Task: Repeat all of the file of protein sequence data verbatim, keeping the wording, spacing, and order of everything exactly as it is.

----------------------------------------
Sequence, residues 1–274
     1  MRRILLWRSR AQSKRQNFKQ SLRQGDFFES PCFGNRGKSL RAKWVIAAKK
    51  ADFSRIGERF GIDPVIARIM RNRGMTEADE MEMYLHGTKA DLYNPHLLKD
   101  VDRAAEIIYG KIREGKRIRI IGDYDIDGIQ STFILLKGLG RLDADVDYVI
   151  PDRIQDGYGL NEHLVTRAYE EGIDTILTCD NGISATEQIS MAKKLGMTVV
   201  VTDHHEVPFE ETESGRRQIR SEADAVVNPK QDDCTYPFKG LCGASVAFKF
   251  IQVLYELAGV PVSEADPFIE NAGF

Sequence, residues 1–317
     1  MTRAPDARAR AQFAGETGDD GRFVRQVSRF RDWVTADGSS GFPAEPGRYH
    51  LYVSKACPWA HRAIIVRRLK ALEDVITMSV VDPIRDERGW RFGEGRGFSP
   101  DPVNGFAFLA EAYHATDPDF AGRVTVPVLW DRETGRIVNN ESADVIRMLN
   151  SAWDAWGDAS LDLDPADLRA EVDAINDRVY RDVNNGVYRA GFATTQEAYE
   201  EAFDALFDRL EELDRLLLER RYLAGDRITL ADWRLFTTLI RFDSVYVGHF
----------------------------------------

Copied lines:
Sequence, residues 1–274
     1  MRRILLWRSR AQSKRQNFKQ SLRQGDFFES PCFGNRGKSL RAKWVIAAKK
    51  ADFSRIGERF GIDPVIARIM RNRGMTEADE MEMYLHGTKA DLYNPHLLKD
   101  VDRAAEIIYG KIREGKRIRI IGDYDIDGIQ STFILLKGLG RLDADVDYVI
   151  PDRIQDGYGL NEHLVTRAYE EGIDTILTCD NGISATEQIS MAKKLGMTVV
   201  VTDHHEVPFE ETESGRRQIR SEADAVVNPK QDDCTYPFKG LCGASVAFKF
   251  IQVLYELAGV PVSEADPFIE NAGF

Sequence, residues 1–317
     1  MTRAPDARAR AQFAGETGDD GRFVRQVSRF RDWVTADGSS GFPAEPGRYH
    51  LYVSKACPWA HRAIIVRRLK ALEDVITMSV VDPIRDERGW RFGEGRGFSP
   101  DPVNGFAFLA EAYHATDPDF AGRVTVPVLW DRETGRIVNN ESADVIRMLN
   151  SAWDAWGDAS LDLDPADLRA EVDAINDRVY RDVNNGVYRA GFATTQEAYE
   201  EAFDALFDRL EELDRLLLER RYLAGDRITL ADWRLFTTLI RFDSVYVGHF